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New Minas business owner concerned over federal government’s proposed tax changes

Go Power Sports owner Greg Foran is concerned how proposed tax law changes will affect his enterprise and other small and medium businesses. Deputy Opposition Whip John Brassard, Conservative MP for Barrie-Innsisfi, Ontario, visited on Oct. 5 to discuss those concerns.
Go Power Sports owner Greg Foran is concerned how proposed tax law changes will affect his enterprise and other small and medium businesses. Deputy Opposition Whip John Brassard, Conservative MP for Barrie-Innsisfi, Ontario, visited on Oct. 5 to discuss those concerns.

NEW MINAS, NS - A business owner says he wouldn’t have bothered starting his enterprise if he’d known two years ago what the federal Liberals had in mind for proposed business tax reforms.

Greg Foran, owner of Go Power Sports, said they have a good, solid business with a great team of nine employees and great products so he isn’t concerned about the business thriving. However, it remains to be seen how a new tax regime would affect his ability to expand the operation.

Foran said this includes the way they save and use money within the company to grow. They were in the process of hiring but Foran said they would now have to wait and see what happens with the proposed changes to determine how it impacts their bottom line. He said they might have to get more creative or “cut a little tighter around the edges.”

Go Power Sports deals in BRP products, with brands including Can-Am, Ski-Doo, Sea-Doo and CF Moto. Foran said they have a few million dollars in inventory.

With the understanding that he’s going to be able to grow the business in a healthy way so he can pass it on or sell it to his children, he’s comfortable with that. However, he said the proposed tax changes would make a significant, perhaps catastrophic, difference to businesses and the economy. People won’t be as willing to take that risk.

“The government is positioning small business owners as being wealthy people who are skirting the tax laws and taking advantage and it’s not true,” Foran said, pointing out that they’re working within the existing tax structure.

He asks why put his family through such financial risk when he could go back to the private sector where he earned more money 15 years ago, not have to work weekends or worry at night.

Liberal Finance Minister Bill Morneau announced intentions in July to close so-called loopholes that the government says allow business owners earning higher incomes to avoid paying higher tax rates.

The proposal looks to limit passive business income taxation; targets methodology for changing income into dividends or capital gains; and targets “income sprinkling”, which allows business owners to split income among family members whether or not they’re involved in the business.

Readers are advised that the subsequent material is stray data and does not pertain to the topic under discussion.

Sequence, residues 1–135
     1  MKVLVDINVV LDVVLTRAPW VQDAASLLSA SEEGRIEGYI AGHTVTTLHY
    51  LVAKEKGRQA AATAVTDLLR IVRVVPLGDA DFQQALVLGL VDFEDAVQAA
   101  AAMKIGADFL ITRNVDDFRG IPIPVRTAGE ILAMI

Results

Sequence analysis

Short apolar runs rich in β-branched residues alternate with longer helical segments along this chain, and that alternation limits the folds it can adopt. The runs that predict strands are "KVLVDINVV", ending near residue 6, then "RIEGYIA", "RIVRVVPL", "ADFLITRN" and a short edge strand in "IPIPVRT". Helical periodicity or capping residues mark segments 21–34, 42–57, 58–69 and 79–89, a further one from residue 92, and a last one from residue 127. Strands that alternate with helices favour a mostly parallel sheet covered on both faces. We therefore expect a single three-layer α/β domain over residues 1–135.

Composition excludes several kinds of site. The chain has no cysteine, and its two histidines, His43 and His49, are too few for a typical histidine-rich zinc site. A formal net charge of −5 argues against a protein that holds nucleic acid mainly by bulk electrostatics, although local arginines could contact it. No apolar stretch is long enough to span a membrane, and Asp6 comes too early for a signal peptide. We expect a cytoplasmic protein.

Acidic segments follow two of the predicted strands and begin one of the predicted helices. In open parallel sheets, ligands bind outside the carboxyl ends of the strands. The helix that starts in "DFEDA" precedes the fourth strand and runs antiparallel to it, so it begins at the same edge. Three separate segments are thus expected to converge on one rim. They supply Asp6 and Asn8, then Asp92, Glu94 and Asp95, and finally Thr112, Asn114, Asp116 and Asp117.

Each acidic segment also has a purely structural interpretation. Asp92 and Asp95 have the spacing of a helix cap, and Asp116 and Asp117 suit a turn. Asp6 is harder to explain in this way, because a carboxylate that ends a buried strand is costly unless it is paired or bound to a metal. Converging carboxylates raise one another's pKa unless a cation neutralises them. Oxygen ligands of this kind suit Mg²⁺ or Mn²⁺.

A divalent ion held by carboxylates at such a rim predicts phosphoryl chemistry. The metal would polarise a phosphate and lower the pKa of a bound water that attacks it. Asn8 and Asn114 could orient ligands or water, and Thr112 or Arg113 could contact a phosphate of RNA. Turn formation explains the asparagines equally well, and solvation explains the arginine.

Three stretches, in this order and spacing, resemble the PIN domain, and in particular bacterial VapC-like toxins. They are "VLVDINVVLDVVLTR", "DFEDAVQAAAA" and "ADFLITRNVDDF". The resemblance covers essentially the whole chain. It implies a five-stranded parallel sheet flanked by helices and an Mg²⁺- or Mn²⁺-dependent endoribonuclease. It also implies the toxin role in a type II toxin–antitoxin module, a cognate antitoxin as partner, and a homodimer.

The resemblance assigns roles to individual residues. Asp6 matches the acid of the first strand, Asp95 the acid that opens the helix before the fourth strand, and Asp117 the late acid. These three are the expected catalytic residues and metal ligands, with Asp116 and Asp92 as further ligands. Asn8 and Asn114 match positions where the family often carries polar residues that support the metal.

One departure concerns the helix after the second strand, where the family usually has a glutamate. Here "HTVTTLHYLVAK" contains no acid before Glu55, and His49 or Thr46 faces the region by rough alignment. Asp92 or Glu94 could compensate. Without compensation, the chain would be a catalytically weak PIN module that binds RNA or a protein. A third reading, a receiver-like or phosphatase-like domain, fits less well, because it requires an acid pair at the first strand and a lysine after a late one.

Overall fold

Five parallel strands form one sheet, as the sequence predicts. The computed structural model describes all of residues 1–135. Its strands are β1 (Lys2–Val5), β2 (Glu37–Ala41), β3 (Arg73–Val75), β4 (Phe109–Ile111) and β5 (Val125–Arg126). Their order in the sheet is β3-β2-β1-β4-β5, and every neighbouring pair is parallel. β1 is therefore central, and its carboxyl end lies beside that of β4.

A 75-day consultation period regarding the proposed changes was initiated. It concluded Oct. 2. Morneau has recently stated in the media that, following consultations, changes to the tax proposal will be needed.

Deputy Opposition Whip John Brassard, Conservative MP for Barrie-Innsisfi, Ontario, visited Go Power Sports on Oct. 5 to discuss Foran’s concerns. This was just prior to an Annapolis Valley Chamber of Commerce meeting in Kentville on the proposed tax changes.

Brassard said the last thing businesses need is uncertainty. Changing the rules mid-game completely blows business plans apart and announcing the changes in mid summer meant many Canadians weren’t made aware.

Brassard said Prime Minister Justin Trudeau set the tone in an interview where he said there are a lot of small business people who use their enterprises to avoid paying their fair share of taxes but this isn’t true.

“The challenge was that the narrative that they used and the language that they used was really divisive,” Brassard said. “They were referring to tax cheats, they were talking about wealthy business owners, well, you know, that’s not the case.”

He said there are more than a million small businesses in Canada employing 8 million people, the “bread and butter businesses” that could potentially be impacted. This will take money out of the hands of employees and their dependants. Brassard said businesses are also holding back on making charitable donations because of uncertainty.

He said that the last time there were fundamental tax changes proposed, it took seven years for the Carter Commission to determine what was fair, equitable and what would help the economy. Brassard said a recent motion put forth in the House of Commons to extend the consultation period to Jan. 31, 2018, was unsuccessful with all Liberal MP’s voting it down.

Kirk.starratt@kingscountynews.ca

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